William Carlos Williams Williams, William Carlos (Vol. 9)

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Williams, William Carlos (Vol. 9)

(Contemporary Literary Criticism)

Williams, William Carlos 1883–1963

Williams, a brilliant American poet, as well as a distinguished editor, novelist, playwright, and essayist, also practiced medicine throughout his career. His devotion to the individual expression of his art led him to the free verse style and evocation of personal experience reflected in Paterson, perhaps his most famous work. Striving to create in a uniquely "American" idiom, Williams endeavored to produce a poetry which at once reflected the personal and the universal. (See also CLC, Vols. 1, 2, 5.)

The early sixteenth-century French or Flemish Unicorn tapestries which now hang in the Cloisters at Fort Tryon Park in New York City contribute to the subject matter of Book V [of Paterson] and provide a symbolic depth which the poem had previously lacked…. Similarly, the Unicorn tapestries provide an analogy for understanding Williams' arrangement of the material in Paterson. That is to say, the weavers' interlacing of colored threads to form a design is analogous to the ways in which Williams develops his themes by the interlacing and juxtaposition of events, images, phrases, and other "things" which he had amassed for his long poem. In his essay "Caviar and Bread Again" Williams describes the poet's function in terms of weaving: "he [the poet] has been the fortunate one who has gathered all the threads together that have been spun for many centuries before him and woven them into his design." (pp. 288-89)

There are basically two kinds of interlace in Paterson. The first can be described generally as the interweaving of originally or logically continuous, or of basically homogenous, material (such as newspaper items or historical excerpts) throughout a section or sections of the poem. (p. 291)

The interweaving of excerpts from Cress's letters throughout the first two books of Paterson provides [an] example of this type of interlace. (p. 296)

The interlacing of fragments from Cress's letters accomplishes basically three things. In the first place, Williams is able to sustain a linear rhythm throughout the first two books as the reader gradually learns what is on Cress's mind. Secondly, the technique of interlace also creates an acentric, simultaneous effect as beginnings, endings, and incongruent materials are juxtaposed. Finally, the juxtapositions which are created confer new significance upon the letters and also upon the material with which the letter interacts upon the page.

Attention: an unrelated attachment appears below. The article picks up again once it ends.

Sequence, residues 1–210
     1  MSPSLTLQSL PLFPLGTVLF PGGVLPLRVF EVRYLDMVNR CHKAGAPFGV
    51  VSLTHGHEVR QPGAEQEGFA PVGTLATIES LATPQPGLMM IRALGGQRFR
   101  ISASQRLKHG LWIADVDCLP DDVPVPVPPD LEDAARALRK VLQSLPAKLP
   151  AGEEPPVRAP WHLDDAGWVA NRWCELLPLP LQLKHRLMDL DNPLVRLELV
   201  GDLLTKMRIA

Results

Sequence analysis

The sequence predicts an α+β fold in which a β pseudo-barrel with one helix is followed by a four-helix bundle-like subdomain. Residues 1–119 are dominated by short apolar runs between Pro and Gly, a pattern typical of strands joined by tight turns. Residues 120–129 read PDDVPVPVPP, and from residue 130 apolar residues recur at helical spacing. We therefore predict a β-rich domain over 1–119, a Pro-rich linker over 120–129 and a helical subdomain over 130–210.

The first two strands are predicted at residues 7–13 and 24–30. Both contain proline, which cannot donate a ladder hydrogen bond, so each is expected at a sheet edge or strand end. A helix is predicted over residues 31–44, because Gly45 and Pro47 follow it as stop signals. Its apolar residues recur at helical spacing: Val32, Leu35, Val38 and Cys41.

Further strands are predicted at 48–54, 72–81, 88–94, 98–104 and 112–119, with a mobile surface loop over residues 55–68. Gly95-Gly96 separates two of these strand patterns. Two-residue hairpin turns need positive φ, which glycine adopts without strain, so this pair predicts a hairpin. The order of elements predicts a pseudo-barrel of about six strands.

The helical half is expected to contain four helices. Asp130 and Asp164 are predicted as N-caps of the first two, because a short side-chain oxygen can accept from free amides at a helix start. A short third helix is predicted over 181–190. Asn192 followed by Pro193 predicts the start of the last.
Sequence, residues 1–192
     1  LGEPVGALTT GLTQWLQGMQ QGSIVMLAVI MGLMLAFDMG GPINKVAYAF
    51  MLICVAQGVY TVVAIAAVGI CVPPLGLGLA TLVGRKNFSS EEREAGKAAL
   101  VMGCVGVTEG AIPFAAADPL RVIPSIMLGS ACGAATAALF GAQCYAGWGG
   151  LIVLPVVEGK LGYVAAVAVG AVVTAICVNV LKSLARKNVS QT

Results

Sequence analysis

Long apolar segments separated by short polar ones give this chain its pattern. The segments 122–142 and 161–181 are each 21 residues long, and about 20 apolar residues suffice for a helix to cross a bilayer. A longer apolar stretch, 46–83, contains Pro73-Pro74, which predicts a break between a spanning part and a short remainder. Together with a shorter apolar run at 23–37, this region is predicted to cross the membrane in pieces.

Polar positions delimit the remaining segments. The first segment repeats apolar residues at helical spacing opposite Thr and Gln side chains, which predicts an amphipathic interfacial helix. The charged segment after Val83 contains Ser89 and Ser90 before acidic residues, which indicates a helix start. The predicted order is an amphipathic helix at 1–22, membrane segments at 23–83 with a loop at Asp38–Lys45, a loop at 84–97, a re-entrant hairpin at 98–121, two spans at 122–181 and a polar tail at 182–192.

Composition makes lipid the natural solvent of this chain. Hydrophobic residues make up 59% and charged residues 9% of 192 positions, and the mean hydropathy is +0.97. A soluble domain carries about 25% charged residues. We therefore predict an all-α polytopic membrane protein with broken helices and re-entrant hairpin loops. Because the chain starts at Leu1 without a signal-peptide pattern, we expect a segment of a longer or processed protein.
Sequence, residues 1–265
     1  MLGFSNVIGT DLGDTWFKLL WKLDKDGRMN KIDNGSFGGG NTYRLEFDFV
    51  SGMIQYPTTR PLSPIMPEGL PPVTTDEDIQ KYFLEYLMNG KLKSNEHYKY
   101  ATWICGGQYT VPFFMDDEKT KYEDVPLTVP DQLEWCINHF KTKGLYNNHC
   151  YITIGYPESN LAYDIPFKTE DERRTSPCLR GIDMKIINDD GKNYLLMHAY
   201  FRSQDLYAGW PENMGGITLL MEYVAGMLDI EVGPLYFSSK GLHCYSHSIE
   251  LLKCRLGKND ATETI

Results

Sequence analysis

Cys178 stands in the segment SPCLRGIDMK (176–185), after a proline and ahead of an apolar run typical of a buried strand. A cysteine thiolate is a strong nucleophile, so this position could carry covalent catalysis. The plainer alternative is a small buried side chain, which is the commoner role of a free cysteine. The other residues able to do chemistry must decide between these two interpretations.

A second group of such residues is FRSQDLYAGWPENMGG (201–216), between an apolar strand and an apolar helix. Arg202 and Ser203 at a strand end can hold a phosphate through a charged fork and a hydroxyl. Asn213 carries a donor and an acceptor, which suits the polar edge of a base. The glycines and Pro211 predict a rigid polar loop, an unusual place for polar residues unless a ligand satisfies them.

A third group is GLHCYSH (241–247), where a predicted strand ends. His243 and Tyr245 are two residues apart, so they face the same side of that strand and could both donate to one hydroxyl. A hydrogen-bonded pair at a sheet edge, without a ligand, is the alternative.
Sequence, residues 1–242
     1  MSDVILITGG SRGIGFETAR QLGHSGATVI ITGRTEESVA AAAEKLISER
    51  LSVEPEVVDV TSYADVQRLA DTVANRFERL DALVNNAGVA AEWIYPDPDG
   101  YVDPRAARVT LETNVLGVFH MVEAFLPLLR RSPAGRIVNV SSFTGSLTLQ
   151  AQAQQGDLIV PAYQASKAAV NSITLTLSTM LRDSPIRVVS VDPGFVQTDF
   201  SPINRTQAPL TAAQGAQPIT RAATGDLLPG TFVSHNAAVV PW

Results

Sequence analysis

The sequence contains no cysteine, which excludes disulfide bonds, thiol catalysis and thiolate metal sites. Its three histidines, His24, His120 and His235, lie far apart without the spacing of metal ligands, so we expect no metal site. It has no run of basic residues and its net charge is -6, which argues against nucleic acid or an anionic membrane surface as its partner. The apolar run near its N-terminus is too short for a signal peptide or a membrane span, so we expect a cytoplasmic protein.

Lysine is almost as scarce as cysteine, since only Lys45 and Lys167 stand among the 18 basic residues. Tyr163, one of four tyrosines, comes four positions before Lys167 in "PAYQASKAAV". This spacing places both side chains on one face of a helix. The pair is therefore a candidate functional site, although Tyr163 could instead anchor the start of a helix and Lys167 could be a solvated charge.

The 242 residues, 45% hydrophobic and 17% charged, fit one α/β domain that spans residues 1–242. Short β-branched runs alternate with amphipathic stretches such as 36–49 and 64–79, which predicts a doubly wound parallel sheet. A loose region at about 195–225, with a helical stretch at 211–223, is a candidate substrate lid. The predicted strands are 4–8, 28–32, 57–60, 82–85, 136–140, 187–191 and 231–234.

The second and most dominant type of interlace in Paterson is the continual process of cross-referencing which occurs throughout the poem. It is based primarily on a number of narrative sequences, events, or images, initially related in full, elements of which are later used to amplify and illuminate certain aspects of the poem. The later references bring to mind the original event and as a result that event, as well as the context in which the reference now occurs, acquires an added dimension and must be continuously re-evaluated. (pp. 298-99)

Paterson's struggle to interpret the language of the falls, his search for a "redeeming language," is the major motif of the poem. Therefore,… the premature deaths of Cumming and Patch, which are intermittently referred to or subtly evoked throughout the first four books of Paterson, contribute to the elucidation and development of the poem's major motif…. (p. 300)

Throughout the first four books of the poem, Paterson is drawn toward the idea of jumping into the falls. The references to Sam Patch and Mrs. Cumming provide elicit reminders of Paterson's possible fate…. In light of the numerous drownings throughout the poem it is significant that at the end of Book IV a man walks out of the water, indicating that at least a key to a redeeming language has been found through the enactment of the four books of Paterson: "But he escapes, in the end, as I have said."

The interlacing of references to Cumming and Patch throughout the poem induces in the reader not only a continuous reappraisal of these two...

(The entire section is 5,415 words.)